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Two Steps Support Crucial Wildlife Habitat in the Home of the World’s Tallest Trees

The League’s recent transfer of the Berry Glen Trail Connection property to Redwood National Park provides a significant portion of the limited habitat used by herds of Roosevelt elks, which draw thousands of tourists and photographers each year. Photo by Paolo Vescia
The League’s recent transfer of the Berry Glen Trail Connection property to Redwood National Park provides a significant portion of the limited habitat used by herds of Roosevelt elks, which draw thousands of tourists and photographers each year. Photo by Paolo Vescia
In California’s northwestern corner lies the Prairie Creek Scenic Corridor, a patchwork of public and privately held lands surrounded by Redwood National and State Parks, home of the world’s tallest trees. The League and collaborators have been working toward a vision of protecting the corridor from development, reconnecting the parks’ ancient redwood groves, restoring prime wildlife habitat and creating an innovative visitor center.

Earlier this year, the League completed an important step toward achieving this vision, transferring the 5.9-acre Berry Glen Trail Connection property to Redwood National Park. The transfer secures crucial habitat for Roosevelt elks and coho salmon, as well as the intersection of favorite hiking trails.

In another important step, the League and California Trout recently received a grant from the National Oceanic and Atmospheric Administration to restore habitat for imperiled salmon at the confluence of Prairie and Redwood creeks.

Learn more about our work in the Prairie Creek Scenic Corridor.


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Youth participants in event at Sequoia National Park for Latino Conservation Week 2017. Photo by Martin Martinez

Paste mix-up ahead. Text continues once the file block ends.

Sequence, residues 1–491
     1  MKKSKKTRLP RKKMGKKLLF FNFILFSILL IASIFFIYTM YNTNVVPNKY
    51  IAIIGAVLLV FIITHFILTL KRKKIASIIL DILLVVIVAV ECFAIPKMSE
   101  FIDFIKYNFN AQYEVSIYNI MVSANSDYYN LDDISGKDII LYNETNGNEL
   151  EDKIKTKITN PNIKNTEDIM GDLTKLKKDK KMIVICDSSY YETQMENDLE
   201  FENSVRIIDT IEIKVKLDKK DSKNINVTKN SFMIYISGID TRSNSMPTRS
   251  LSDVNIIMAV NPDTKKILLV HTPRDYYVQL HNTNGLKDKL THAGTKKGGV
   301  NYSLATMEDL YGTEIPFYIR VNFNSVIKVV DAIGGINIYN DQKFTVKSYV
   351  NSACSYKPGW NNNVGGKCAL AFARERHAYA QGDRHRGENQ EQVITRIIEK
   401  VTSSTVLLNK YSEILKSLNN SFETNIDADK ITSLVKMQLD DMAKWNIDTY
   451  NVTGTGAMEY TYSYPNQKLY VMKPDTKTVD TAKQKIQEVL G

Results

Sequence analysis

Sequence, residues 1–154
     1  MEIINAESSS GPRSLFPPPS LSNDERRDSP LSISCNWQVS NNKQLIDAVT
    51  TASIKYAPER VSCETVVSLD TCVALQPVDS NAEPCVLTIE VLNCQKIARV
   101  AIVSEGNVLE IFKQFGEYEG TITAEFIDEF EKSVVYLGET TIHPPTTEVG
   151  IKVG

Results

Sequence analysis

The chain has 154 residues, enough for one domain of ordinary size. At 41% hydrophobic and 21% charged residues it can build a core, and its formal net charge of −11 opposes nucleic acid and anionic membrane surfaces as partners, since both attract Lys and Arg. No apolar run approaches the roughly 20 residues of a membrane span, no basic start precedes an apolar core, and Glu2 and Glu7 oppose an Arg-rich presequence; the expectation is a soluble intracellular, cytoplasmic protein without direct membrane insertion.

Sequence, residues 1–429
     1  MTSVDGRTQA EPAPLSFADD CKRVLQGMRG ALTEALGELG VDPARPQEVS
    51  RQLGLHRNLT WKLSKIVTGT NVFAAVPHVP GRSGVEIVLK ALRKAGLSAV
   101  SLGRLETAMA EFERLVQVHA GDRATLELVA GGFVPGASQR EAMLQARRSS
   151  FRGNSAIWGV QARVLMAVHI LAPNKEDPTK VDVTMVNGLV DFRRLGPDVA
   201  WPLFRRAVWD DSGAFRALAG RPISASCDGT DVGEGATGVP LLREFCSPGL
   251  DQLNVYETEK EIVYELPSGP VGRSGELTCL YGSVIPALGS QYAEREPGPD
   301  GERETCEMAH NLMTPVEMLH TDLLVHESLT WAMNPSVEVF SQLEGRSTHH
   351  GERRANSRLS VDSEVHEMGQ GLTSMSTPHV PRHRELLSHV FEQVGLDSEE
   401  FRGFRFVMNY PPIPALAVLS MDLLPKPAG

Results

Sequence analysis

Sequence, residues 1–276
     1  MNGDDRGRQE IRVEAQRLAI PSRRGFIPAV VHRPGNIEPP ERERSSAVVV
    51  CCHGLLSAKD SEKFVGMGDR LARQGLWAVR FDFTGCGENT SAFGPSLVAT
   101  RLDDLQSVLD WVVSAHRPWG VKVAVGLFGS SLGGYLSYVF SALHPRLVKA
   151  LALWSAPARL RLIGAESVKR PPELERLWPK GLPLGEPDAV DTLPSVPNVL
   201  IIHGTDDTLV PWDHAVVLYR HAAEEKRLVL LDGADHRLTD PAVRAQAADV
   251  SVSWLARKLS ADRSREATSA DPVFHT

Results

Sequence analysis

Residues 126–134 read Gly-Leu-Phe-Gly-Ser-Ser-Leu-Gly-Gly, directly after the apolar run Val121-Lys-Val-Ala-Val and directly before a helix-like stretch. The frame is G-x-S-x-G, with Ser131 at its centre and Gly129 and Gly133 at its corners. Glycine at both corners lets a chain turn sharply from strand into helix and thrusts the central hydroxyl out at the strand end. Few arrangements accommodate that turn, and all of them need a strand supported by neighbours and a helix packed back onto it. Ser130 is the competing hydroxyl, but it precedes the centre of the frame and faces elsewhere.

Trip Introduces Youths to Joy of Redwood Forest

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Marking Latino Conservation Week, League President Sam Hodder writes about the joy he feels in sharing the spectacular redwood forest with everyone, including communities who have less opportunity to visit the outdoors. This year, a League-sponsored excursion introduced 20 young adults from the Los Angeles area to the magnificent Giant Forest in Sequoia National Park, home to five of the world’s largest trees.

Learn more about why trips like these are so important.


The League worked on a 1990 settlement that banned commercial logging in what is now Giant Sequoia National Monument. William Croft, League Board of Directors Member, took this photo in 1989 as he mapped the groves’ boundaries.

Thank You for Supporting Giant Sequoia National Monument

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Save the Redwoods League thanks our community for responding to our call for public comments on what Giant Sequoia National Monument means to them. Comments from League supporters were counted among a record-breaking 2.8 million after the Trump administration ordered a review of certain national monuments.


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